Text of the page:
This video covers two presentations. one on the use of DNA evidence in addressing human rights issues in the Philippines, and the other on the evolution of the use of DNA evidence in America and its influence worldwide.
Dr. Maria Corazon A. De Ungria - the current head of the DNA Analysis Laboratory, National Sciences Research Institute at the University of the Philippines - discusses The DNA Analysis Laboratory's promotion of the development of forensic DNA technology in the Philippines through research and DNA testing in actual cases. In 2005, the laboratory's project Research, Training, and Extension Service for Forensic DNA Testing in the Philippines was funded under the Human Rights and Democracy in Asia Budget of the European Commission. She speaks of a major objective of the project, which was to study the feasibility of post-conviction DNA tests in the Philippines, so as to improve post-conviction methods for identifying wrongfully convicted persons. The second speaker was Chris Asplen - a former Assistant U.S. Attorney who was appointed as the Executive Director of the U. S. Attorney General's Commission on the Future of DNA Evidence in 1998. Its mission was to maximize the value of DNA in the criminal justice system. He became an international spokesperson for prioritizing the development and use of DNA testing in criminal investigations. He provides an overview of how DNA testing has not only increased convictions, but has also decreased the number of wrongful convictions.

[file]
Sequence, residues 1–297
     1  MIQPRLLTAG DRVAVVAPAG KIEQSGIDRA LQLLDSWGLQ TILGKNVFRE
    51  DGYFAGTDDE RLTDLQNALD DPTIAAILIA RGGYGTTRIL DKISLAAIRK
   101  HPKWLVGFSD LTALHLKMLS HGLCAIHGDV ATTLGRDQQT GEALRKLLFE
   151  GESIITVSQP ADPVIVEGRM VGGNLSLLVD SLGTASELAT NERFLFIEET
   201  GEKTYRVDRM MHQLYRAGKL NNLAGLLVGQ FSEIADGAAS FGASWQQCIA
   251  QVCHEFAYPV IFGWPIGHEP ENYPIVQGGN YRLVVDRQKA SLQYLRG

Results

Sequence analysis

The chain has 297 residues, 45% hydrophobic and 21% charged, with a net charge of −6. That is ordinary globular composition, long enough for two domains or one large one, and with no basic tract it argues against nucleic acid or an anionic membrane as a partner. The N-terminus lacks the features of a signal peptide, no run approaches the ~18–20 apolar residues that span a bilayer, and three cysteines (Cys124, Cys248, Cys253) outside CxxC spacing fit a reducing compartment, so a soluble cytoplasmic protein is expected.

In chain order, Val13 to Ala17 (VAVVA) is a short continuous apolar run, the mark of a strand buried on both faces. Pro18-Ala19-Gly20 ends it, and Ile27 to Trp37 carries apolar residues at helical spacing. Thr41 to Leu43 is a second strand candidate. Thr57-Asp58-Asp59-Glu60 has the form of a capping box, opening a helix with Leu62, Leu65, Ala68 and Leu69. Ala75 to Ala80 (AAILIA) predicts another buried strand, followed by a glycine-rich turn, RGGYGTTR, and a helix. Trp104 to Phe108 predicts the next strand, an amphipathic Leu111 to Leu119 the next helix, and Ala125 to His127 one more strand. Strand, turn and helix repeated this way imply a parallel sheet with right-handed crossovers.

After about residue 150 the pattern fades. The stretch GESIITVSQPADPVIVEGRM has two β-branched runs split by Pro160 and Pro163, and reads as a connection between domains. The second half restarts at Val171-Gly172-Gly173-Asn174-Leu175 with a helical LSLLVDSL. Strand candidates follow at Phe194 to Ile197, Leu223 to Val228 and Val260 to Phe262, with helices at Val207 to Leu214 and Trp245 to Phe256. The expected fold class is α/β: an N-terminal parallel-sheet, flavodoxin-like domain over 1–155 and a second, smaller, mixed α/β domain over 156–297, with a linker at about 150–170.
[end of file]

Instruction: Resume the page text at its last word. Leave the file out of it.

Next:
Report (Grant Sponsored)
Date Published: January 1, 2006
- Identifying forensically relevant urban scavengers in Johannesburg, South Africa
- GC/MS and DART-MS as complementary methods for investigating the effects of weathering on chemical profiles of ignitable liquids: A case study for paint thinner
- Evaluating the Validity and Reliability of Textile and Paper Fracture Characteristics in Forensic Comparative Analysis